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Fundamentals of Interaction Design (INFO10003)

Undergraduate level 1Points: 12.5On Campus (Parkville)

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Year of offer2019
Subject levelUndergraduate Level 1
Subject codeINFO10003
Semester 2
FeesSubject EFTSL, Level, Discipline & Census Date


How do you design interactive technologies that are useful, usable and satisfying? How can we better understand user needs in order to inform the design of new technologies? Fundamentals of Interaction Design addresses these questions, and students will learn about the key theories, concepts and industry methods that are crucial to the user-centred design process.


  • Theoretical foundations of Interaction Design
  • Design principles and heuristics
  • Usability and user experience
  • Methods for understanding user needs (e.g., contextual inquiry, ethnography, interviews)
  • Interview data analysis
  • Techniques for communicating context of use (e.g., scenarios, personas, and rich pictures)
  • Prototyping and visual design
  • Interfaces and platforms of interactive technologies

Intended learning outcomes


On completion of this subject the student is expected to:

  1. Define and distinguish between the different types of user interface
  2. Exploit cognitive and social factors that make interactive software usable
  3. Apply key design principles and guidelines that assist user interface designers, and understand the limitations of such guidelines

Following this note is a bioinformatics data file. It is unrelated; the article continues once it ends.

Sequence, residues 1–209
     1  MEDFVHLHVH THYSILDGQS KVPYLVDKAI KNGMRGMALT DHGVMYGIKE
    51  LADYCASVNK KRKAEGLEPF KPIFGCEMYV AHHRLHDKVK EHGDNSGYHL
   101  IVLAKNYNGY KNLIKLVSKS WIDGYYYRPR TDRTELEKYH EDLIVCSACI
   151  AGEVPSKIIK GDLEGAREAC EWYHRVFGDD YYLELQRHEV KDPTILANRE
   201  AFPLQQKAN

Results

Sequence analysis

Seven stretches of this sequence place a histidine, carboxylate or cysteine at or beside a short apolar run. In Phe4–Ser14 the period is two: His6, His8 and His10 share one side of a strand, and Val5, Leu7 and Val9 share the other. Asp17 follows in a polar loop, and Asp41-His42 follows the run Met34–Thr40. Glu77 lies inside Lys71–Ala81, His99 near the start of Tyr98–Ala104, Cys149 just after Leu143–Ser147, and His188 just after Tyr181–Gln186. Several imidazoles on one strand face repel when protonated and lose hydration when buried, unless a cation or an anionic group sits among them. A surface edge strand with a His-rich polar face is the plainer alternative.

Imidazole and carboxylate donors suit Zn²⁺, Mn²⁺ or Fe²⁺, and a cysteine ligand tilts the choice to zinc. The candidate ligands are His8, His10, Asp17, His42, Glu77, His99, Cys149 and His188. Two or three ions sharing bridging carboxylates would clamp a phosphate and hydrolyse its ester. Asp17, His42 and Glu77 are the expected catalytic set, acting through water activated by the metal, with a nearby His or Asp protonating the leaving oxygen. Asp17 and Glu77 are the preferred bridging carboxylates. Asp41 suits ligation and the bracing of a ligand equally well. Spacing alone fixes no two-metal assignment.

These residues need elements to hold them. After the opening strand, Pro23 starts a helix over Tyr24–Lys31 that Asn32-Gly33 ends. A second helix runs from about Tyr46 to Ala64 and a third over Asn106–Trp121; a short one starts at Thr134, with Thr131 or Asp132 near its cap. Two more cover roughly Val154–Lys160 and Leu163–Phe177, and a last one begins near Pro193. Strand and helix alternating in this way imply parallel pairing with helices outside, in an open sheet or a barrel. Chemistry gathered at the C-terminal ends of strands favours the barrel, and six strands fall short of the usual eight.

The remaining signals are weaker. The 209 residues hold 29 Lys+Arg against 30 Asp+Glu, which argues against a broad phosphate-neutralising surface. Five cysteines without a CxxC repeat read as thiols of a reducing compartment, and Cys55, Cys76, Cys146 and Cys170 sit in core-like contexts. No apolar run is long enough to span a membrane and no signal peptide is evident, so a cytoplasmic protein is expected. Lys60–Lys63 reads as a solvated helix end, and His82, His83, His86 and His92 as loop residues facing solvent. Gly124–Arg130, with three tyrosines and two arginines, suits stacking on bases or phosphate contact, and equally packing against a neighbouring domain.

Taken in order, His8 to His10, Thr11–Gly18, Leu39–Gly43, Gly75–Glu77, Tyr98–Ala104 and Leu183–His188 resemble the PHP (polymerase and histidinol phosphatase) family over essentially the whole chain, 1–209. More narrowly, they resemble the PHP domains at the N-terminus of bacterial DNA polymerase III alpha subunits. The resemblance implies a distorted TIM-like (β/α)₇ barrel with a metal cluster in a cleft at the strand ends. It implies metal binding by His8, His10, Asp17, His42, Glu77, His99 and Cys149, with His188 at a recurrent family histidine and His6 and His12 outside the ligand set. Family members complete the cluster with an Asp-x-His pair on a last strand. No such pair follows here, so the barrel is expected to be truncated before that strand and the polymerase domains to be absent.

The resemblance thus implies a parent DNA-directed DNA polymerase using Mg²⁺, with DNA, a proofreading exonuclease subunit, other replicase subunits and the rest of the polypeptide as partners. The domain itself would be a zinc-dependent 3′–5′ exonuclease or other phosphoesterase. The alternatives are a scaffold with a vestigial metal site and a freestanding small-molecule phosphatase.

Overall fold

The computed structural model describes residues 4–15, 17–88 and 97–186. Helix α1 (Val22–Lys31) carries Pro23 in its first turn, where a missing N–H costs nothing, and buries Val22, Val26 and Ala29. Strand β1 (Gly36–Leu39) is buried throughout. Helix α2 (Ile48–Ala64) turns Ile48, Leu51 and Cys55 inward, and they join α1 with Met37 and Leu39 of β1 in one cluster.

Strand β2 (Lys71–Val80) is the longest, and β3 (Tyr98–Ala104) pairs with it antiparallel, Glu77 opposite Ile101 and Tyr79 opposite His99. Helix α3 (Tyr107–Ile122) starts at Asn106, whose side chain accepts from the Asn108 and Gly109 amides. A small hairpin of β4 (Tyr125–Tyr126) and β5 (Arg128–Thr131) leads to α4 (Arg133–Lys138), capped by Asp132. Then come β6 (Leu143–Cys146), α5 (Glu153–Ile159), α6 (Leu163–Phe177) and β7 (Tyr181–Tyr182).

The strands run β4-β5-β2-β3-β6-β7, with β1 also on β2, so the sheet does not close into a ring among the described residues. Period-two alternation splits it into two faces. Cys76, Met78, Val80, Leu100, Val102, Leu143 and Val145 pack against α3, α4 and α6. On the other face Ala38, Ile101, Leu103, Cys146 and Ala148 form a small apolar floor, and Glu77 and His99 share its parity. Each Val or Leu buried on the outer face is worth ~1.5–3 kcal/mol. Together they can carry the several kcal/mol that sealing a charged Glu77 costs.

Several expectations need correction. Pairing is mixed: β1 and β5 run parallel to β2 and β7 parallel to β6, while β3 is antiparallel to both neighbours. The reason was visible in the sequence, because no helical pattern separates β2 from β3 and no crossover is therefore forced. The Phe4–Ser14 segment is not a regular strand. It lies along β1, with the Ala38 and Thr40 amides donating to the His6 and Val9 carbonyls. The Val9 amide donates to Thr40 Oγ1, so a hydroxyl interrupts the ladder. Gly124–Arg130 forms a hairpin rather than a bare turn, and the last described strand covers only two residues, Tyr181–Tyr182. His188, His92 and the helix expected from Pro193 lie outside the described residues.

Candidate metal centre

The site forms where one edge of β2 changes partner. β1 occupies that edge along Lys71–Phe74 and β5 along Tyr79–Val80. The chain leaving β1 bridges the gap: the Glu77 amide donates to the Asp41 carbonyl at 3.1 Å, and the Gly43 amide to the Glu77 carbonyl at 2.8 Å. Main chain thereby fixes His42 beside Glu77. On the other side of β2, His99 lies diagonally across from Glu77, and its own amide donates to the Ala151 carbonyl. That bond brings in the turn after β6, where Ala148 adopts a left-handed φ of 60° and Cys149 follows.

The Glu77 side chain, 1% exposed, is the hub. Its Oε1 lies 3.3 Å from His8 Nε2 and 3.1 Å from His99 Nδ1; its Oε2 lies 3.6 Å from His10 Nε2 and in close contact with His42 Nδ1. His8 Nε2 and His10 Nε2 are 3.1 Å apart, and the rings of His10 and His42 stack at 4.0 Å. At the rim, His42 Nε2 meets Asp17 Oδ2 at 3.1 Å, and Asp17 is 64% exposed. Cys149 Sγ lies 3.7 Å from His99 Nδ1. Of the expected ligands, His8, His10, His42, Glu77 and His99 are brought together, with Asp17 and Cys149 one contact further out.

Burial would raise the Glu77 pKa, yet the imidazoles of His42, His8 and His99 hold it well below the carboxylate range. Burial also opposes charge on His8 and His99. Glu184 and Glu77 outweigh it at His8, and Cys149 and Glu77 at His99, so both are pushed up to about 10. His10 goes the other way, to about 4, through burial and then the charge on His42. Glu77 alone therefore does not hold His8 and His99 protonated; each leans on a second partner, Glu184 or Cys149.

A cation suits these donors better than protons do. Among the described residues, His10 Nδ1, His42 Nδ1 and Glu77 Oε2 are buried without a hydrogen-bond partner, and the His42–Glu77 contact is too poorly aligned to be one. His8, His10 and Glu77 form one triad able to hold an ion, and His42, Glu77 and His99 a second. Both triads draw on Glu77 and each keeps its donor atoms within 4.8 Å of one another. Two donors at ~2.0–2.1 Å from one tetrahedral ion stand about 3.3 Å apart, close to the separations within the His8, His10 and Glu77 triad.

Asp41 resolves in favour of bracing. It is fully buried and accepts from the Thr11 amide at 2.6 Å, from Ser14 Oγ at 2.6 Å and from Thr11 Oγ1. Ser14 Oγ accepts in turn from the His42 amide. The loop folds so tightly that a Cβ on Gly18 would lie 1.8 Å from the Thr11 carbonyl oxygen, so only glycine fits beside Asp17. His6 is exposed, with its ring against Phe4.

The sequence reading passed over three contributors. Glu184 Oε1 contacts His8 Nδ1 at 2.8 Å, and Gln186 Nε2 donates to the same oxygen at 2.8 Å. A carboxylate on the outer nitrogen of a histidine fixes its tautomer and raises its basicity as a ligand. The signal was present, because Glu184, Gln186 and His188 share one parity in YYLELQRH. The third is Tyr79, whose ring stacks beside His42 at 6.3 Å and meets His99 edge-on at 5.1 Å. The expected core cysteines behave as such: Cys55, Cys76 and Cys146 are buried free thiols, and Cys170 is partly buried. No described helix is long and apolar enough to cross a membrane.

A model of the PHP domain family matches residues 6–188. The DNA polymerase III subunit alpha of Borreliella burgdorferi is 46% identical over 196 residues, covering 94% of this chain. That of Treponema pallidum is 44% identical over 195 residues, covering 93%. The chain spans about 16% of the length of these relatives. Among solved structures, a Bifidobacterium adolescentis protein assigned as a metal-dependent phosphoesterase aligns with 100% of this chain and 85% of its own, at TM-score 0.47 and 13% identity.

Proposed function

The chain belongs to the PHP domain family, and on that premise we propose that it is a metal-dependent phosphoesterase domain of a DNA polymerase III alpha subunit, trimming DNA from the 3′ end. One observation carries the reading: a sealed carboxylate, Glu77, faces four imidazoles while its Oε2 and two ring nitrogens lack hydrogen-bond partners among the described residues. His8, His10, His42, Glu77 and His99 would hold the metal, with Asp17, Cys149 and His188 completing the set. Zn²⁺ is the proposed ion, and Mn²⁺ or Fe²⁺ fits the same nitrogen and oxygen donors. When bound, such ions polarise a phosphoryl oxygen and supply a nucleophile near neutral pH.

4. Apply techniques of Interaction Design / User-Centred Design across the development lifecycle
  5. Understand theoretical approaches and methods for identifying user requirements
  6. Understand the ethics of working with and employing ICTs in society

Generic skills

On completion of this subject, students should have developed the following generic skills:

  • Ability to review and research a problem domain
  • The capacity to solve problems, including the collection and evaluation of information
  • The ability to communicate designs and design thinking
  • The capacity for critical and independent thought and reflection
  • Team work skills
  • Written and oral presentation skills
  • Profound respect for truth and intellectual integrity, and for the ethics of scholarship
  • An expectation of the need to undertake lifelong learning, and the capacity to do so.

Last updated: 10 August 2019